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University of Melbourne research reveals that one in four Americans report chemical sensitivity, with nearly half this group medically diagnosed with Multiple Chemical Sensitivities (MCS), suffering health problems from exposure to common chemical products and pollutants such as insect spray, paint, cleaning supplies, fragrances and petrochemical fumes.

Twelve Indigenous health leaders are embarking on a bold and innovative leadership program through the Melbourne Poche Centre for Indigenous Health at The University of Melbourne to tackle some of Australia’s long-term health problems.

Doctors will be better able to predict breast cancer risk thanks to pioneering work led by University of Melbourne researchers, who have identified heritable but non-genetic markers for breast cancer susceptibility.

An estimated 1.8 million young people around the world develop tuberculosis each year, according to a new report.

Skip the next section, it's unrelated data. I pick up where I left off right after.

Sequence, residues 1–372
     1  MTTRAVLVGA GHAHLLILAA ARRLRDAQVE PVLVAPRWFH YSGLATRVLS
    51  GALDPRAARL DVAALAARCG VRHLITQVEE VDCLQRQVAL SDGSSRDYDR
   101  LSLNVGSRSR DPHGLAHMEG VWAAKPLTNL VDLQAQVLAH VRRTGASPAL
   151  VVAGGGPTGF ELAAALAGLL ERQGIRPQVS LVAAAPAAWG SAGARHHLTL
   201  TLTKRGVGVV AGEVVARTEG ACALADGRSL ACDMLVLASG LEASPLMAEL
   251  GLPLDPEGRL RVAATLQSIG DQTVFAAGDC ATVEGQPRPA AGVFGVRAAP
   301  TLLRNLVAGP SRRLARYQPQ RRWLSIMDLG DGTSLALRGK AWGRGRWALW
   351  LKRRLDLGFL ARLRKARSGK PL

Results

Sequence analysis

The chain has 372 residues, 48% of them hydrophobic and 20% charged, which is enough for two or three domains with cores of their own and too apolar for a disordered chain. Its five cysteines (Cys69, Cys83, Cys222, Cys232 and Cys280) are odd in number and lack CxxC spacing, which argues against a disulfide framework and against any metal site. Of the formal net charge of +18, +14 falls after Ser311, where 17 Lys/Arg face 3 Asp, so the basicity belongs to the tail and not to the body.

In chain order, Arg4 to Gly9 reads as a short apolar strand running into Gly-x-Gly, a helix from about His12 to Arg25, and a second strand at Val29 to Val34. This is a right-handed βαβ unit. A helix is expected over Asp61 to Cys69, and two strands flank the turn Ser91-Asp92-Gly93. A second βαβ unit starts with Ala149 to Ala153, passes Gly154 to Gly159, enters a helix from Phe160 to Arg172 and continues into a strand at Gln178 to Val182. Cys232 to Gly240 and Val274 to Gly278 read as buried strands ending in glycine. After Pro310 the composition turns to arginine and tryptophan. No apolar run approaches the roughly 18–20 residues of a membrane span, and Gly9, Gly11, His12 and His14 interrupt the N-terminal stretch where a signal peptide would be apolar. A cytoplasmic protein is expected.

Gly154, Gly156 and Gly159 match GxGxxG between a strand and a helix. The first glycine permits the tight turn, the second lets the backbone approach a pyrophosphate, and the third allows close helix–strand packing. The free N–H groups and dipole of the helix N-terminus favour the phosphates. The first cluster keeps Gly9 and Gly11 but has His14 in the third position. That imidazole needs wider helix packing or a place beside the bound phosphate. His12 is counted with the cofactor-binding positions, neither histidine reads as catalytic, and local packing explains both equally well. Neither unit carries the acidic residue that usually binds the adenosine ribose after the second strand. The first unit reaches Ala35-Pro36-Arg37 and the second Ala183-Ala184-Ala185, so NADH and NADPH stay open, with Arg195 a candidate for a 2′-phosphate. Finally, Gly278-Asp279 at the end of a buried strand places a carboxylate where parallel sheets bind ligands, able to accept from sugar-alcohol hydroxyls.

A child’s growth and development is affected by the health and lifestyles of their parents before pregnancy even going back to adolescence according to a new paper. 

The role of gender has been largely neglected despite playing a critical role in cardiovascular health, University of Melbourne academics have highlighted in the prestigious American Heart Association Journal of Circulation.

University of Melbourne researchers are using smart phones to track the lives of patients with bipolar disorder to understand, monitor and even predict sudden swings between their manic and depressive episodes.

Melbourne researchers are to begin a major study that could result in a test to accurately predict if women will experience pre-term labour during their pregnancy.

University of Melbourne thought leaders from five disciplines – arts, creative arts, engineering, medicine and architecture – have created research-based installations accessible online and via a specially designed exhibition space set within the heart of the NGV Triennial exhibition.

Current strategies for treating patients with several chronic diseases are putting an unnecessary financial burden on countries’ health systems and individuals, a global study led by the National University of Singapore and the University of Melbourne has found. 

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